"I noticed in the Lost Media wiki that there was an article showing PC Gamer UK had a review of the PC version," psychoticgiraffe tells me. "But that review was removed from the site so I couldn't find evidence of it anywhere except in that screenshot." 

Searching for it on Google wasn't yielding any results outside of the more popular 3DO version, so psychoticgiraffe tried something rather brilliant: He searched by the game's system requirements instead. That eventually led him to WorldCat database listing of library inventories that showed one copy existed in all of its 72,000 libraries across the world. Somehow, amazingly, Ball State University's library had never thrown away Plumbers Don't Wear Ties' PC version.

Since he doesn't live in Indiana, psychoticgiraffe went to Reddit to see if he could find a local to check out the disc and get it to him. Reddit user lmmyers12 agreed to help and a few days later psychoticgiraffe had what could be the last PC copy of Plumbers Don't Wear Ties. After confirming it was the original game by running it on that old Compaq Armada, he ripped the files and set up a DOSBox emulator configuration that could run the game on any modern machine. You can download it here.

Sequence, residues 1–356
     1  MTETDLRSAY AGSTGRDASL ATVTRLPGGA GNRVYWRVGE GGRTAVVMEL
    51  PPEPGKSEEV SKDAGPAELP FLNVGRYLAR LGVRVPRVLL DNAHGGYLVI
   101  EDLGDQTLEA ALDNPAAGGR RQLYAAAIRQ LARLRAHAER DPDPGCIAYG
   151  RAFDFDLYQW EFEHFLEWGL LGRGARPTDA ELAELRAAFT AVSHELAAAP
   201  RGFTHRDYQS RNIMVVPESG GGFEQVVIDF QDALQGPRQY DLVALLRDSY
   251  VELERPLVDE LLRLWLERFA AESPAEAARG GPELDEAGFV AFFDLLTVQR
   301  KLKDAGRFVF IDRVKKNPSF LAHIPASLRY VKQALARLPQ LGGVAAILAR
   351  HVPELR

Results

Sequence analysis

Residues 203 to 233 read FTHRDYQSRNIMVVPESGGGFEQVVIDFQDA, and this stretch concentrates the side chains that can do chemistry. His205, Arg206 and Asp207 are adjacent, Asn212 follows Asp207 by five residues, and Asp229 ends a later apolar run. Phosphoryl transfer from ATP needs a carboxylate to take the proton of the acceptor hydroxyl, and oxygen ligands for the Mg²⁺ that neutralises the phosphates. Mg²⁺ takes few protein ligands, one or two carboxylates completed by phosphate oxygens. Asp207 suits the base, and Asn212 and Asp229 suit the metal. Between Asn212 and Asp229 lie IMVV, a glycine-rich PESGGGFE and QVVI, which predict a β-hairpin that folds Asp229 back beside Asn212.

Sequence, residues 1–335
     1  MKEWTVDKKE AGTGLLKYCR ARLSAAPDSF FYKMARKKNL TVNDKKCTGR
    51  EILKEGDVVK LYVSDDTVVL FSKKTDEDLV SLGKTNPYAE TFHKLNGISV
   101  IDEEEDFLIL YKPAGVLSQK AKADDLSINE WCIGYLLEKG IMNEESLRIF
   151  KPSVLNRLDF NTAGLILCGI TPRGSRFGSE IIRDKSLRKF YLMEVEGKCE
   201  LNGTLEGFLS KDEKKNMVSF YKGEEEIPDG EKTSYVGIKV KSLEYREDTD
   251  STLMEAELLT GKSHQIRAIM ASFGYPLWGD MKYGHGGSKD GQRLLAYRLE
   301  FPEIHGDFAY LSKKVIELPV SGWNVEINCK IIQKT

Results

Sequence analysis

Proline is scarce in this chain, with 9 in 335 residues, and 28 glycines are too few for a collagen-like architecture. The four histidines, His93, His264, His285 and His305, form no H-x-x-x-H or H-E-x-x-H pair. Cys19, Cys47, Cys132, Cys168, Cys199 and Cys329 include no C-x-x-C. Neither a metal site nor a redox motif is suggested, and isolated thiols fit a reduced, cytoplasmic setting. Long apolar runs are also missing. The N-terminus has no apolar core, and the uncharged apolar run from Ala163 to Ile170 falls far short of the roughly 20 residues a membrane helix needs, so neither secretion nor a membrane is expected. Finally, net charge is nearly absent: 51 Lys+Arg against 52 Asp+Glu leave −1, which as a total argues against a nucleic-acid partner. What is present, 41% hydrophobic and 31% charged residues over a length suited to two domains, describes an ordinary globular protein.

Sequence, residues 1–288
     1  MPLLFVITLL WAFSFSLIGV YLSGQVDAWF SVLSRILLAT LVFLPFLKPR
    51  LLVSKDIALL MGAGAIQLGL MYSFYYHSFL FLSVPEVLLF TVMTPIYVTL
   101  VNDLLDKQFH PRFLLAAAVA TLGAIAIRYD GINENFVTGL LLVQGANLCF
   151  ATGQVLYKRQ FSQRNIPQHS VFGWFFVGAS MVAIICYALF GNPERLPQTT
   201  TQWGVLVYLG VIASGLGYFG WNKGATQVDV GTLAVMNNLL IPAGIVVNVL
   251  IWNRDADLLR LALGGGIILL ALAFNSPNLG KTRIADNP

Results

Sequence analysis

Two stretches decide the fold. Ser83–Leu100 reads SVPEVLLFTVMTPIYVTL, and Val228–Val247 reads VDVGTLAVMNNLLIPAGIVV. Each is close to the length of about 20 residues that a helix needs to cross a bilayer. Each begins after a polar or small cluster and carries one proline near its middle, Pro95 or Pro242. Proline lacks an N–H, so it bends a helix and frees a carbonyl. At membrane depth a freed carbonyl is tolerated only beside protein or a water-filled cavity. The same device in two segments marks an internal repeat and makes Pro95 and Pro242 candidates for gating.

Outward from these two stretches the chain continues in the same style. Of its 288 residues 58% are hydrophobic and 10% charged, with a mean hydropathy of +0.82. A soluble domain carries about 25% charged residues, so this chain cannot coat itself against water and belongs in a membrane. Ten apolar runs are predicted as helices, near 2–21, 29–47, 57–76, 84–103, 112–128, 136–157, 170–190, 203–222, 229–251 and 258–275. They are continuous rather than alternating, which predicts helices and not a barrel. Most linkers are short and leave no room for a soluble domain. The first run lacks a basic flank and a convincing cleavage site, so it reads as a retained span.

Plumbers Don't Wear Ties is a rare and fascinating look at PC gaming's less than glorious past.

But why on God's green earth would someone go to all this effort for such trash?

"I thought it was a great game in its own really bad way," psychoticgiraffe says. "No one else would take a slideshow and make it some sort of game. That it actually sold any copies is impressive."

He tells me that he hopes one day the game gets a sequel, so I did the only honorable thing and immediately ended the Skype call and deleted his contact info. I hope you understand, psychoticgiraffe.

But really, Plumbers Don't Wear Ties is a rare and fascinating look at PC gaming's less than glorious past. It's easy to gripe about all the little things games get wrong today, but then you come face to face with something truly terrible and remember that even bad games are usually pretty OK.

Steven Messner

With over 7 years of experience with in-depth feature reporting, Steven's mission is to chronicle the fascinating ways that games intersect our lives. Whether it's colossal in-game wars in an MMO, or long-haul truckers who turn to games to protect them from the loneliness of the open road, Steven tries to unearth PC gaming's greatest untold stories. His love of PC gaming started extremely early. Without money to spend, he spent an entire day watching the progress bar on a 25mb download of the Heroes of Might and Magic 2 demo that he then played for at least a hundred hours. It was a good demo.